View-through rate: View-through rate tracks how many viewers watch the entirety of a video, which helps determine how engaging a video is. If the view-through rate is higher, that means the entire video is engaging; if the rate is lower, it means the video is not successful in engaging audiences.
Watch time: Similar to the view-through rate, the watch time metric is the total amount of time a video has been watched. Video hosting platforms like YouTube will add up the minutes cumulatively and prioritize videos with higher watch times. Pair this with the average view duration, which is the average amount of time that viewers watch your video, and you can determine how successful your video is at engaging viewers.
If you find yourself trying to increase purchases during the decision stage, then your video marketing should aim to nurture prospects into paying customers by providing additional value and information to them. During this stage, you’ll want to measure these KPIs:
Click-through rate: The click-through rate (CTR) is great for determining how good a video is at nurturing would-be customers. As you measure your CTR across multiple videos, you can better determine how well the video assuages a viewer’s doubts or fears and persuades them to click through.
Calls and sign-ups: By measuring the number of calls or sign-ups, you can see your prospective customer’s level of interest in learning more about your product or service. To measure this, provide the appropriate contact information, and once they reach out, provide a lead capture form (or do so over the phone) so you can continue to nurture them until they decide to buy.
Purchase intent lift: By polling captured leads as part of a survey or questionnaire, you can measure the lift in purchase intent from any video marketing you provide during the decision stage. Nurturing videos are usually sent as part of newsletters or email requests for more information, so include a survey to measure this KPI after they watch a video to measure how successful that individual video is.
Sales: While obvious, measuring the exact number of sales before or after you send a video to leads during the decision stage will help you measure if that video contributed to an increase of sales. While sales don’t always happen immediately after a lead watches a marketing video, as long as you’re properly tracking a lead’s behavior at every touch point and building a reliable attribution model, you should be able to measure the impact of a marketing video compared to other efforts during this stage.
After a customer makes a decision to buy, they enter the fourth stage of your marketing funnel, known as the retention stage. In this stage, you’re trying to delight your customers into purchasing again. To do so, you need to continue to add value long after your customers have purchased your product or service.
The KPIs to watch during this stage include:
Favorability lift: You should measure lifts in favorability both in the consideration and retention stage. By providing value to your customers with additional video content, like tips and trips, tutorials, or post-purchase FAQs, you should see brand favorability increase.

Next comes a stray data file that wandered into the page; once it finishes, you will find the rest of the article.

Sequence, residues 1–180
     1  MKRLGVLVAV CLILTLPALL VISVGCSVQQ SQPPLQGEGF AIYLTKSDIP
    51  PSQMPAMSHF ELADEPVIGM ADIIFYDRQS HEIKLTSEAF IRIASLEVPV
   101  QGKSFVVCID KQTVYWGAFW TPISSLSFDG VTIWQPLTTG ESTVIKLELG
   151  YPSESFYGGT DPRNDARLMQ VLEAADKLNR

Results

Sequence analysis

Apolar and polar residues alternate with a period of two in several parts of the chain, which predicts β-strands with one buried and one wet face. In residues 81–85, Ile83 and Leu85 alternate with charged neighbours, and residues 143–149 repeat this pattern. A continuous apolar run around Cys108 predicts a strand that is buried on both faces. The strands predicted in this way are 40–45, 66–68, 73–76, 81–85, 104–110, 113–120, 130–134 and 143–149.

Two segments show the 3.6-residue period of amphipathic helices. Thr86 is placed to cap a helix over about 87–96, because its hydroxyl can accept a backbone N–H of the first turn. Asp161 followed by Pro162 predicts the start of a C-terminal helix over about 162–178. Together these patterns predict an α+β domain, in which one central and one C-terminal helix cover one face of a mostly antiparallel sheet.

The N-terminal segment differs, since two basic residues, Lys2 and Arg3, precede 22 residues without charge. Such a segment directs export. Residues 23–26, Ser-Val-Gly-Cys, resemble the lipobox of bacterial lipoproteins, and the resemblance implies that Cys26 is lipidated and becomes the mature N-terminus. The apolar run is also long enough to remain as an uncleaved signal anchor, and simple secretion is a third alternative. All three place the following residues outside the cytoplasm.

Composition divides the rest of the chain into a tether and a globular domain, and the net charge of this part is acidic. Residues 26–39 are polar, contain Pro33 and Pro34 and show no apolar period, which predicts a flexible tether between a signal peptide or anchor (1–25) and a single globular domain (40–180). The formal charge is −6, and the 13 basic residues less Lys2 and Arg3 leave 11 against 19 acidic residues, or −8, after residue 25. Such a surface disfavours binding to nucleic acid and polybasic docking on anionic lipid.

Return visits: After sharing videos through retargeting ads on social media or through customer email lists, measure any return visits to your website and landing pages from non-unique users. By tracking your customer’s behavior properly, you should be able to associate any jumps in return visits directly after a new video is sent out to determine how successful it is.
Social interaction: Since customers are more likely to interact with a brand on social media after purchasing, social interactions are a good way to determine if your video content is delighting customers into purchases again. Your company’s social channels will be one of the first places a customer goes to post a positive (or negative) review, so watch your comments, follower count, and shares after posting a particular video. More shares and positive comments following a new video can help measure how “delighted” a video makes customers.
When measuring video marketing success, it’s all about attributing the right KPI to the correct goal. If you’re tracking the wrong metric based on what goal you’re hoping to reach, you won’t have an accurate reading of how well your video marketing is doing. Video production can be expensive and lucrative depending on who you work with, so make sure you take the time to track the right KPI and get the most out of your investment.
And if you’re looking for an analytics platform to help you track all of these KPIs, we recommend working with Google Analytics and/or Kissmetrics. Both of these will provide insights into a majority of the data-types listed above, and for those that aren’t as easily trackable, like lifts in favorability, purchase interest, and brand recall, consumer research and customer surveys should help fill in the gaps.